what I could get. So I know coffee, we didn’t use coffee that was rationed too, it didn’t affect us. But it was mostly the sugar and the gasoline. It was so long ago, it’s a period you, we sort of like to forget, too. It wasn’t a happy time. Not happy.
HE: Did you partake in the celebration of V-E and V-J Day?
MM: Now I didn’t. Hey I can tell you something we did, this is something neat. When my husband was in the service, down there, they on bivouac and he had me go into town, see they weren’t allowed to have candles when you’re on bivouac you know, so he had me go into town and buy all the candles that I could, snacks, you know like candy and crackers and things like that. And so I bought all the candles in that one store and a whole bunch of candy and things and I put them in a gunnysack. I drove out in the country past the guards, you know that they had out in the country and there was a little old church, probably a colored one, and the back of the church was a log, a big fallen log. Now I put this sack of candles and food behind that log, then I got in my car and drove back past the guards and they never knew it. Well them my husband and his friend sneaked out and pick that up, you know, and that was A.W.O. L, and then they took it back and at nighttime they were sitting here outside their tent and everybody was coming up buying these candles and buying the candy and things, and they had their helmets their, and they were putting the money in and here come the guards around. Oh boy. Everybody froze, my husband put his head down like this and he just froze cause they knew they were going to get it, but the guards or whoever they were, sergeants, whatever. The one said to the other “You can’t over estimate these, so and so American soldiers.” and so they went on by. Didn’t do a thing, just left them have their candles and things and I thought that was pretty neat, that the M.P’s could be compassionate to them out there like that. And for my part in it, from the profits, I got a lovely kimono, which I kept for years and years and years, it was a good one. They bought it for me, I may have done that twice, but that was pretty risky. If they had been, well they were caught, but they didn’t do anything about it and I don’t think I was supposed to be in that area anyway, but I did go. So I was bad wasn’t I?! I guess if I could think about it I could think of some more things, but you wanted more about how I lived, but that’s how I lived there. That is how I lived there in Georgia.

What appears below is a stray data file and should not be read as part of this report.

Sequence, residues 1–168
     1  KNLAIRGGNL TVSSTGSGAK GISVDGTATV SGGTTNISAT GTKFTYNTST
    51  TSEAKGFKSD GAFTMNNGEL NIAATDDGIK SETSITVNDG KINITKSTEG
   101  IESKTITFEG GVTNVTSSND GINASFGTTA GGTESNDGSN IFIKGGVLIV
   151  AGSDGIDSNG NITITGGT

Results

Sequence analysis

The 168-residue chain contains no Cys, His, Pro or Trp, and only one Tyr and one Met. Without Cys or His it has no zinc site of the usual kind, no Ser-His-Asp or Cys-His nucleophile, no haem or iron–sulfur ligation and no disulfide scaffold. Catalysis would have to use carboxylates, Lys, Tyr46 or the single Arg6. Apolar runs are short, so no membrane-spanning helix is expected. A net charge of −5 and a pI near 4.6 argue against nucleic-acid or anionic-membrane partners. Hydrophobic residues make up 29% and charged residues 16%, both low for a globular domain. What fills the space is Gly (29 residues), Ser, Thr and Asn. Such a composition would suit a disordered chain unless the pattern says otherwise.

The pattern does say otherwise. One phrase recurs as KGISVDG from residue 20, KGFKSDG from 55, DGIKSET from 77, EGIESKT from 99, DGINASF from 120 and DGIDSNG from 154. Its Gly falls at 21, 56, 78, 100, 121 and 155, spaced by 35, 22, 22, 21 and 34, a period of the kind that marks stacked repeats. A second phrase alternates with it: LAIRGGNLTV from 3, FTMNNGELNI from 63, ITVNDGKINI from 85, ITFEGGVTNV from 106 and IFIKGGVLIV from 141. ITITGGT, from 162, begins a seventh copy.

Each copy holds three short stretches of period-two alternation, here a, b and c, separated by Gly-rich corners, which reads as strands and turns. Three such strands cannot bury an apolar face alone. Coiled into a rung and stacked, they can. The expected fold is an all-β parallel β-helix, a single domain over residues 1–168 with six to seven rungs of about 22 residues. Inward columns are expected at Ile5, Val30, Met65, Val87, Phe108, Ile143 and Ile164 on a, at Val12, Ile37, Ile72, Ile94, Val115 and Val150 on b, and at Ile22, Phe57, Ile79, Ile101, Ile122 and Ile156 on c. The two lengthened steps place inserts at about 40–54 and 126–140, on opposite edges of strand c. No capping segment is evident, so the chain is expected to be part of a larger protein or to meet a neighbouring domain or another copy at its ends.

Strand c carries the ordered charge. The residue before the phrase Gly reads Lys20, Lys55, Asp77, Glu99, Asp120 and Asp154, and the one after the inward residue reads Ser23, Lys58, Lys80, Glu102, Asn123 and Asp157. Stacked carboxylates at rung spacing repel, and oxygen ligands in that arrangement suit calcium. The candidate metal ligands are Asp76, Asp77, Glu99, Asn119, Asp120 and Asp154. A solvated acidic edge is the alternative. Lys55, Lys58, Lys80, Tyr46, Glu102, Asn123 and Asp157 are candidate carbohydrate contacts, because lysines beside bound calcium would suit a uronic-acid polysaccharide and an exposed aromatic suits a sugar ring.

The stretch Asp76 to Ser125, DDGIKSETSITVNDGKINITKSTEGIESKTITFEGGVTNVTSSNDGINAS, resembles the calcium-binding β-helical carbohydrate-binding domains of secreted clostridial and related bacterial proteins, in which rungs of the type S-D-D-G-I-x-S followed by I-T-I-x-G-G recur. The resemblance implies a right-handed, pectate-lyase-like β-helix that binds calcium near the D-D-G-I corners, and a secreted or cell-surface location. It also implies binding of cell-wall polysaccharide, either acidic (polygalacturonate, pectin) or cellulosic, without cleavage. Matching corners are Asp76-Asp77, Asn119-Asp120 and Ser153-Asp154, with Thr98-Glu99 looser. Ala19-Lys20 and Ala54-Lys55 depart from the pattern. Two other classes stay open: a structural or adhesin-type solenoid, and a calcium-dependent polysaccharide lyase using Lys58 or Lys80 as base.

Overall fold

HE: When you were at home in Mechanicsburg, you said you could hear the bells on your porch.
MM: Oh yeah.
HE: Did you also, did you have do like air raid drills and things like that?
MM: No we didn’t have those.
HE: Oh you didn’t?
MM: No we did not. No we didn’t have air raid drills here, although we had the supply depot here, but we did not have air raid drills. No not at all. I don’t know why because I know there were U.F.O’s.1 I think they were protecting whatever it was because my daughter in-law saw one, right over her garage, they were circular, but I think they were surveillance protecting the Naval Supply Depot here, but we never had any air raid drills.
HE: Thank you very much.
[end of interview]
 Not in the sense of extra terrestrials, but in the sense of unidentified air planes.